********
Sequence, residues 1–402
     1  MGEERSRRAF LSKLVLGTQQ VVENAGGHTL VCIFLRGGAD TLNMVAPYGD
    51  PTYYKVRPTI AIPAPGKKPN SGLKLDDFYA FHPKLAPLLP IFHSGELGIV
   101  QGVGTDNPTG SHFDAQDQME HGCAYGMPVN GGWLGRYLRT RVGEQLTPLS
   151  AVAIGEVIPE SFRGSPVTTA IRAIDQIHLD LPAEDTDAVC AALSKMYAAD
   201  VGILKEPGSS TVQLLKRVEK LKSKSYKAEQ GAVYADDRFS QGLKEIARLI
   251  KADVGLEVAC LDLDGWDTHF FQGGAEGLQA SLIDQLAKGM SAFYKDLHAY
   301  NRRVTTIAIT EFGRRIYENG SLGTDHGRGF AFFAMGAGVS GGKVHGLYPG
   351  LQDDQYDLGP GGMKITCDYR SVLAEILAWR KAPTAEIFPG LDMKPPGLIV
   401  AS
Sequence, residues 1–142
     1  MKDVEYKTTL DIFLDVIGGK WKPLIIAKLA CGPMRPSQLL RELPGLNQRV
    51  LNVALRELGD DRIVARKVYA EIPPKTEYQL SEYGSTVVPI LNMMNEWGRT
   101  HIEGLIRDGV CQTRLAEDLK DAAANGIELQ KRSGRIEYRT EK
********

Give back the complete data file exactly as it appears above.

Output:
Sequence, residues 1–402
     1  MGEERSRRAF LSKLVLGTQQ VVENAGGHTL VCIFLRGGAD TLNMVAPYGD
    51  PTYYKVRPTI AIPAPGKKPN SGLKLDDFYA FHPKLAPLLP IFHSGELGIV
   101  QGVGTDNPTG SHFDAQDQME HGCAYGMPVN GGWLGRYLRT RVGEQLTPLS
   151  AVAIGEVIPE SFRGSPVTTA IRAIDQIHLD LPAEDTDAVC AALSKMYAAD
   201  VGILKEPGSS TVQLLKRVEK LKSKSYKAEQ GAVYADDRFS QGLKEIARLI
   251  KADVGLEVAC LDLDGWDTHF FQGGAEGLQA SLIDQLAKGM SAFYKDLHAY
   301  NRRVTTIAIT EFGRRIYENG SLGTDHGRGF AFFAMGAGVS GGKVHGLYPG
   351  LQDDQYDLGP GGMKITCDYR SVLAEILAWR KAPTAEIFPG LDMKPPGLIV
   401  AS
Sequence, residues 1–142
     1  MKDVEYKTTL DIFLDVIGGK WKPLIIAKLA CGPMRPSQLL RELPGLNQRV
    51  LNVALRELGD DRIVARKVYA EIPPKTEYQL SEYGSTVVPI LNMMNEWGRT
   101  HIEGLIRDGV CQTRLAEDLK DAAANGIELQ KRSGRIEYRT EK